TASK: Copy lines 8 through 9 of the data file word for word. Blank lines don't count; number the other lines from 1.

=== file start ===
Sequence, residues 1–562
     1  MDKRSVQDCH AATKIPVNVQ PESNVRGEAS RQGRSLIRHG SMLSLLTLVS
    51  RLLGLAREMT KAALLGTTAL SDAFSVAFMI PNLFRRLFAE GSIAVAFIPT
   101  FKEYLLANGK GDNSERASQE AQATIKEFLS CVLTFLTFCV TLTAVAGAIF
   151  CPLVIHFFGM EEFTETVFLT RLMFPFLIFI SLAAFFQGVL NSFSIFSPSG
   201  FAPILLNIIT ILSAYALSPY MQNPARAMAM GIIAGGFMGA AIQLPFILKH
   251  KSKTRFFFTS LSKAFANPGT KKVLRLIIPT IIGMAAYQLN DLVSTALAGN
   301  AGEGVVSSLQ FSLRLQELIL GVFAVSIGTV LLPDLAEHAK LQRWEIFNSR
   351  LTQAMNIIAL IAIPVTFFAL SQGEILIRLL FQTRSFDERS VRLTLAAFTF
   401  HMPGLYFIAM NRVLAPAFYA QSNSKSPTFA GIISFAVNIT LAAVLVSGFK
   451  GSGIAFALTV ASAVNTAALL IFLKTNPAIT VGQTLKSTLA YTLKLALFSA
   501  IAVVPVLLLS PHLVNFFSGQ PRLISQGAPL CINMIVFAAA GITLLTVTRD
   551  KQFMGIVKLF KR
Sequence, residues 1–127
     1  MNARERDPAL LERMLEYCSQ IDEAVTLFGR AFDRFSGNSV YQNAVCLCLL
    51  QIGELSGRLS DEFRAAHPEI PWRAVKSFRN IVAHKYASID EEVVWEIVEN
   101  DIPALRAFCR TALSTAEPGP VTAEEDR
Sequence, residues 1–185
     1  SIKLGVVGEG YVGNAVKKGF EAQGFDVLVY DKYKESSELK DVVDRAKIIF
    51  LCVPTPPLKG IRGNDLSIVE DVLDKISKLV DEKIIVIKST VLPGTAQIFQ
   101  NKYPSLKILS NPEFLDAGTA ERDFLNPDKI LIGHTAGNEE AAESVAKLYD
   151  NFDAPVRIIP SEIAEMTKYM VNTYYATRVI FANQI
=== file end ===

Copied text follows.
   301  AGEGVVSSLQ FSLRLQELIL GVFAVSIGTV LLPDLAEHAK LQRWEIFNSR
   351  LTQAMNIIAL IAIPVTFFAL SQGEILIRLL FQTRSFDERS VRLTLAAFTF